On Friday, UEFA informed Liverpool FC that defender Mamadou Sakho is under investigation for failing a drugs test. Sports law expert Matthew Rogers analyses the situation.
In a statement on Saturday, the European governing body confirmed that an adverse analytical finding (AAF) was found after Liverpool’s Europa League 1-1 draw with Manchester United FC on 17 March 2016.
The anti-doping rule violation (ADRV) in Sakho’s A-sample is for the use of a ‘fat-burner’ according to reports in France, which would assist the player in losing weight.
The France international, 26, has until Tuesday to request the analysis of a B-sample and provide explanations for the presence of the prohibited substance.
He is not currently subject to any disciplinary action by UEFA or Liverpool.
What next for Sakho and Liverpool?
Should Sakho complete and fail a B sample, or accept the original finding, he could face a ban of up to four years if the violation is adjudged intentional.
However, the World Anti Doping Code (WADC) prescribes how the ban can be eliminated should Sakho establish ‘no fault or negligence’; i.e. that he was unaware or, ‘could not reasonably have known or suspected even with the exercise of utmost caution,’ that he had used the substance.
Failing that, establishing ‘no significant fault or negligence’ can reduce the period of ineligibility if Sakho could prove that in the ‘totality of the circumstances’ his fault or negligence ‘was not significant in relation to the ADRV’.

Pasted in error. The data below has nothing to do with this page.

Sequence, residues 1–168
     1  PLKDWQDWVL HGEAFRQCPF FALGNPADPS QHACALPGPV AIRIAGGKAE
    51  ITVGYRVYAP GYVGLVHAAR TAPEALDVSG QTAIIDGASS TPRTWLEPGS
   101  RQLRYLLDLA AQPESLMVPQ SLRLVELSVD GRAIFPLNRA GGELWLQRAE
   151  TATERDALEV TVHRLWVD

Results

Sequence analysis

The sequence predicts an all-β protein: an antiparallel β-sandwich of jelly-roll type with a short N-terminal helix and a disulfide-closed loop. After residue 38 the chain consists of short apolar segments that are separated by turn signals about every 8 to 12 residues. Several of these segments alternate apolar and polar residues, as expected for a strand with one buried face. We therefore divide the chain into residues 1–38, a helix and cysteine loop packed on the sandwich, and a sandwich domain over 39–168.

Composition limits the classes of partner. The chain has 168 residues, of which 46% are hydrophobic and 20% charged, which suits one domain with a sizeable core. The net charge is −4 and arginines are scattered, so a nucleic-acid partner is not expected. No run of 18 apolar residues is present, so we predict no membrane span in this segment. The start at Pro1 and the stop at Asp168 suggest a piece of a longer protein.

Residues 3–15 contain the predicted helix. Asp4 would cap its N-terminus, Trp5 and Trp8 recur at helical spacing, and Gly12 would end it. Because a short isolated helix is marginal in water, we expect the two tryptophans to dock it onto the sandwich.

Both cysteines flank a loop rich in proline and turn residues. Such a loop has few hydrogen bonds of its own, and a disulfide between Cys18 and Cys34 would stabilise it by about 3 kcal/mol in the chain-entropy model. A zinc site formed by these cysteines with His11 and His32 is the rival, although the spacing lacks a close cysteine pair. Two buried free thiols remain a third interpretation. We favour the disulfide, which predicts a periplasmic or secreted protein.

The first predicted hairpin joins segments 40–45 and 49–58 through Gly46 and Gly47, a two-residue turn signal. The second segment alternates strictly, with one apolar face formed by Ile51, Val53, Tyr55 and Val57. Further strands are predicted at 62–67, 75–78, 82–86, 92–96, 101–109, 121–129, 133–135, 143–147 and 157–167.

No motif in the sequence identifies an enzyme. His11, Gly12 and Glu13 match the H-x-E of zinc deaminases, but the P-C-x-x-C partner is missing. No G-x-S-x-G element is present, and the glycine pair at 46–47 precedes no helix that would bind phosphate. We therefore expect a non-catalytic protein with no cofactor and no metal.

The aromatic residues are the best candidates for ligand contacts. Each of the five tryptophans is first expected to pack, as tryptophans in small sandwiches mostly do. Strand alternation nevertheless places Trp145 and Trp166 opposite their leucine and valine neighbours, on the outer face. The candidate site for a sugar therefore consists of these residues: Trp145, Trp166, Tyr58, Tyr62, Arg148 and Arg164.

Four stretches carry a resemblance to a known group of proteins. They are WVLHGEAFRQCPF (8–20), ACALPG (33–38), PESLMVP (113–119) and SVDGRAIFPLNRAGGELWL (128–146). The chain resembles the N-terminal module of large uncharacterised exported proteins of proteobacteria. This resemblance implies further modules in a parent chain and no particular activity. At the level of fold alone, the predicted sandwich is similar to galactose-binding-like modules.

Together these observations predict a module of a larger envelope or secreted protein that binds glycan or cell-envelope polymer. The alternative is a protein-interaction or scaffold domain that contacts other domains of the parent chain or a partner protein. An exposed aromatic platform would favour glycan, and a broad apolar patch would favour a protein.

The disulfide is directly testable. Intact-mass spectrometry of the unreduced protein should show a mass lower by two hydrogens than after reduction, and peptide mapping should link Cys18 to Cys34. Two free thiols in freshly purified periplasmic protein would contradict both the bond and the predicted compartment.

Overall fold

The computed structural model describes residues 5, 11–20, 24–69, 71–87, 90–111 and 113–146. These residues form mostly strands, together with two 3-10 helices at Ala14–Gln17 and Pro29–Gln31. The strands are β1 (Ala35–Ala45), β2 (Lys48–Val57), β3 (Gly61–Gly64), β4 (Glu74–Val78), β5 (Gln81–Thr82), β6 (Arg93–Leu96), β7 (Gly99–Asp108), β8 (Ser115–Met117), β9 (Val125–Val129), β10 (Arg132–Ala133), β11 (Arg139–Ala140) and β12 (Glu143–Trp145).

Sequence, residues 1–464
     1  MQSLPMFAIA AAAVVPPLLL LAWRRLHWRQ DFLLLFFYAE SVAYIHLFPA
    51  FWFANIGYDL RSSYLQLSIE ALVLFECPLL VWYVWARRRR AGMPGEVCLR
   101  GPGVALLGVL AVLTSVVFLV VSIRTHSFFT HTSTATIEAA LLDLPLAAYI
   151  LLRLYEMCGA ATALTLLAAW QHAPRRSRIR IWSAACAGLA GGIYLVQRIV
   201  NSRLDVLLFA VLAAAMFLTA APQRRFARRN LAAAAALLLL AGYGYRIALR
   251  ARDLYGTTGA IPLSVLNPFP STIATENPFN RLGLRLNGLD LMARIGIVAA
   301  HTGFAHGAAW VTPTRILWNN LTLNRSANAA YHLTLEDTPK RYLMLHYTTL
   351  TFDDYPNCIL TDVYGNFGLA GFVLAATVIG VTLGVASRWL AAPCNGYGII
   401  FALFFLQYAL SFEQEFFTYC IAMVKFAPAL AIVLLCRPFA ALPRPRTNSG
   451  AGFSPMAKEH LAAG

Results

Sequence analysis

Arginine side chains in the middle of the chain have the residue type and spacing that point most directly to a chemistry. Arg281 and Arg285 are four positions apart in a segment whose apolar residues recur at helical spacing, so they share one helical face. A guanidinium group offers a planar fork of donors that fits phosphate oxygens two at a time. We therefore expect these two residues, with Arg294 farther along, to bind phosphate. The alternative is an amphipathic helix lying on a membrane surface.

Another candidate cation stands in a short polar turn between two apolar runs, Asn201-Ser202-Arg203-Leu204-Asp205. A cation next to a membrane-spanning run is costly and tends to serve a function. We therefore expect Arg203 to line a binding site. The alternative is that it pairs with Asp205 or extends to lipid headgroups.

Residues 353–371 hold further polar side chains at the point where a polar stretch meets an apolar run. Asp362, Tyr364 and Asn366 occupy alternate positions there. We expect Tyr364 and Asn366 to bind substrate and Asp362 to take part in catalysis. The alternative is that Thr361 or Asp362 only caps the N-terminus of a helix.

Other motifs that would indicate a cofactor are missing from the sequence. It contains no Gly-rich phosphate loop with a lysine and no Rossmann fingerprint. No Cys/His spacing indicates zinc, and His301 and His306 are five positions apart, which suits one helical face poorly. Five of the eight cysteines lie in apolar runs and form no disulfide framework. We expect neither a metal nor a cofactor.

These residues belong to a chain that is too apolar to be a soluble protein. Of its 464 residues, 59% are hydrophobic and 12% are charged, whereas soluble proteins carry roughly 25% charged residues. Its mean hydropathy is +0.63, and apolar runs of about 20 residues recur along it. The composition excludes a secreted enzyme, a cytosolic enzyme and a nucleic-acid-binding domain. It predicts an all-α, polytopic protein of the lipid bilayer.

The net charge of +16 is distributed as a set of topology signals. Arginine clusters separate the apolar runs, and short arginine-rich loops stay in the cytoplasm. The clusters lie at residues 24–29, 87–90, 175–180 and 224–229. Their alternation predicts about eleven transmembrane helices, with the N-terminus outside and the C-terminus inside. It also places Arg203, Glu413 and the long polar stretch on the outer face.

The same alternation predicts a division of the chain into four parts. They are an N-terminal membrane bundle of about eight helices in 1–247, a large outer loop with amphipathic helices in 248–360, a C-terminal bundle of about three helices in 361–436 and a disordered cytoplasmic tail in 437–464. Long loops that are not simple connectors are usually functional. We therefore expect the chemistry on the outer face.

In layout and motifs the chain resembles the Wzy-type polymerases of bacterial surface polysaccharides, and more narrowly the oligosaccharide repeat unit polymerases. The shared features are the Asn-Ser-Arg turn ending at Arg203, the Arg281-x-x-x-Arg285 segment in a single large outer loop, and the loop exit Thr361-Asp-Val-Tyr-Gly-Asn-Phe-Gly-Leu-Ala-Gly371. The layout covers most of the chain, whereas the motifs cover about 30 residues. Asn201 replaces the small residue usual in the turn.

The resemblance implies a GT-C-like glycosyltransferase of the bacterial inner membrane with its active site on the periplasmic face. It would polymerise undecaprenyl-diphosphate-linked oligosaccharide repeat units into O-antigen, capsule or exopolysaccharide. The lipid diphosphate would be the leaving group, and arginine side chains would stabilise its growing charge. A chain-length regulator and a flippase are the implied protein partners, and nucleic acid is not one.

The ban would be at a minimum, a reprimand and no period of ineligibility, and at a maximum, two years.
In both scenarios, Sakho would also need to establish how the prohibited substance entered his system.
Liverpool have not suspended Sakho but decided against fielding him in their 2-2 draw with Newcastle on Saturday where he watched from the stands.
The club will avoid disciplinary action from UEFA because the WADC requires more than two team members to have committed an ADRV before any punishment can be handed down.
Arsenal manager Arsene Wenger criticised the rule after his side lost against a team fielding a player who tested positive for a banned substance.
“You cannot say that they had a doped player but the result stands. That means you basically accept doping,” said Wenger.
Details of the ‘fat-burner’ substance found in Sakho’s sample remain unknown, but in 2013 the FIFA Medical Department warned footballers that nutritional supplements can be contaminated with the banned substance oxilofrine.
Also known as methylsynephrine, hydroxyephrine and oxyephrine, the amphetamine boosts adrenaline production by stimulating the heart and boosting blood pressure.
It has been found in products advertising extreme fat loss, and is on WADA’s banned list of specified stimulants.
Sprinters Tyson Gay and Asafa Powell both tested positive for the use of oxilofrine but contested they were unaware of its consumption.
WADA has acknowledged that nutritional supplements can contain undeclared prohibited substances leading to positive tests but reaffirmed that athletes remain fully responsible under its strict liability rule.
Whether Sakho is found guilty of taking a prohibited substance will be revealed in due course.
In 2011 Sakho’s team mate Kolo Toure was banned from all football for six months for taking water tablets to control his weight.
Earlier this month the Sunday Times published claims that a British doctor had prescribed performance enhancing drugs to Premier League footballers.
Football fans around the world live in hope that doping will not tarnish the beautiful game but a sport can only take so many hits. Just ask fans of cycling, athletics, and Aussie rules football…